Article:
Coach memory: Ihnen scoring record was for all to share
EDITOR’S NOTE: The Globe is running a semi-regular sports feature reliving area coaches’ favorite coaching memories. We encourage all area coaches to submit their stories to firstname.lastname@example.org . They will be reprinted in The Globe sports section. Today we have a submission from Minnesota West Lady Jays basketball coach Rosalie Hayenga-Hostikka.
I think a coaching memory that sticks out more than any other, for me, would be one with the LadyJay basketball team of 2017. We only had seven girls on this team which went on to win our first Southern Division championship in 25 years and later lost in double overtime in the region championship game.
We were playing Vermilion Community College on a particular night. We were honestly a much better team, and basically from the opening tip off we took control of the game.
There happened to be a couple of players on the Vermilion team that were particularly good at talking trash during the game. At halftime I found out about some of the things that had been said on the court and one in particular that was directed toward my center Katherin Ihnen that was not particularly flattering. I am not able to quote the words that were used, but let’s just say that some of this trash talk certainly fired up the team.
We proceeded to get a 30-point lead against them in the fourth quarter and, with only seven girls on the roster, we obviously had to keep a few of the starters in the game. Katherin was our workhorse that year and was our leading scorer, so with about four minutes left in the game I was prepared to take her out of the game for good.
It was when I was putting in my sub for her that my assistant coaches Kristen Andersen and Tanner Gunnink told me that Katherin had 36 points and that I should leave her in to get 40. Typically I would feel a little guilty about trying to do this, but in light of some of the things that were being said on the court I didn’t feel too bad about leaving her in to get the 40 points.
When she reached the 40-point mark I then proceeded to put a sub in for her. As I was putting this player in, she said that I should leave Katherin in to get to 44.
You see, we often play this game in practice that whenever someone hits their number (say No. 10 hits the 10th shot in a shooting drill or No. 33 scores the 33rd point) we all go crazy. So Katherin was No. 44 and her teammate didn’t want me to take her out until she scored the 44th point for No. 44.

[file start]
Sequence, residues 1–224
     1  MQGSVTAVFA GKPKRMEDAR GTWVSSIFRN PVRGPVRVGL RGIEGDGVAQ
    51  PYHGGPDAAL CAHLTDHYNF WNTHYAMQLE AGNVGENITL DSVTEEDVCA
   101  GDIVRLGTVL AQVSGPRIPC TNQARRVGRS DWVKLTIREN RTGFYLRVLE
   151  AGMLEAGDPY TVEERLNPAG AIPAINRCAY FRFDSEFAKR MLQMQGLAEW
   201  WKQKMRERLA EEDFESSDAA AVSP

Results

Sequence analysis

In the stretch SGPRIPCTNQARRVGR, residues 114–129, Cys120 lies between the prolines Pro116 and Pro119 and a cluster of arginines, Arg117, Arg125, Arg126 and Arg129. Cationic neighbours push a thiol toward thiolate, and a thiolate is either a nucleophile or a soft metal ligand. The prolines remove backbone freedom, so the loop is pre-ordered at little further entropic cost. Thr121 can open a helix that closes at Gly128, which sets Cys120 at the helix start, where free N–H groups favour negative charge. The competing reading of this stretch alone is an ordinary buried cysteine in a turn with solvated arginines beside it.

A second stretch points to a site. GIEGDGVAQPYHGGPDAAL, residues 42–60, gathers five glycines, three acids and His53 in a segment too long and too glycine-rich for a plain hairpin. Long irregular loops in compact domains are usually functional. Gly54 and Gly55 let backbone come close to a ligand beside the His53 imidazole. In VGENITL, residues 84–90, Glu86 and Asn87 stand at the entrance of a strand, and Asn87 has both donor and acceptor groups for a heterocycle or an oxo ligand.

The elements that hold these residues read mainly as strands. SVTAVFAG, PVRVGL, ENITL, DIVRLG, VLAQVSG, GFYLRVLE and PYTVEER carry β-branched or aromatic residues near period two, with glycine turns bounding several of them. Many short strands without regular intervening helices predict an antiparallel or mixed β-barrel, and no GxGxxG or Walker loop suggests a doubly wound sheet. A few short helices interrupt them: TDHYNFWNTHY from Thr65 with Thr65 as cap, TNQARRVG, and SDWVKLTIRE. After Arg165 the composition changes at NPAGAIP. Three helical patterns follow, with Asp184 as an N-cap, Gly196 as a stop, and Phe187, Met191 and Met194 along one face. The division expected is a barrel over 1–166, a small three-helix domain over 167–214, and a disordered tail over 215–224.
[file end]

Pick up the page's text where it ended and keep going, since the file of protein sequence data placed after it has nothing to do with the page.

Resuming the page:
Well, Katherin was going crazy on the court that afternoon, so when she scored her 44th point I turned to the bench and was going to have them now sub in for her. At this point someone in the crowd had realized that the school record for points in a game was 46. There was a timeout called then, and in the timeout her teammates said that I had to leave her in, and they made a decision as a team that no one was going to shoot the ball except for Katherin.
There wasn’t a player on that team that was going to listen to me at that point and sub in for her. She proceeded to score 48 points and break the 30-year-old record for points in a game.
The atmosphere in the gym and on our team was electric, and that carried over into our locker room.
Now, I typically am not a big fan of individual records, nor celebrating or worrying about what individuals do on the court, but this particular night sticks out in my mind, because for one moment in time I had six players who were truly truly happy for the success of their teammate. So often in this world we see people wanting to bring others down to build themselves up and we see jealousy when someone gets too much glory or press, but in that locker room that particular afternoon there were 10 people who were legitimately crying tears of joy for the success of their teammate.
There wasn’t one person in there that didn’t truly feel like they were a huge part of this record, and I remember Katherin saying that she wished that we could put all of their names on the record because she couldn’t have done it without them.
It was a moment where I was as proud of a group of young ladies as I could ever be and I will forever remember the love that Emily Haubrich, M’Kayla Mike, Alex Stanley, Andrea Hinkeldey, Ashlyn Wabeke and Avery Van Roekel had for their teammate that afternoon.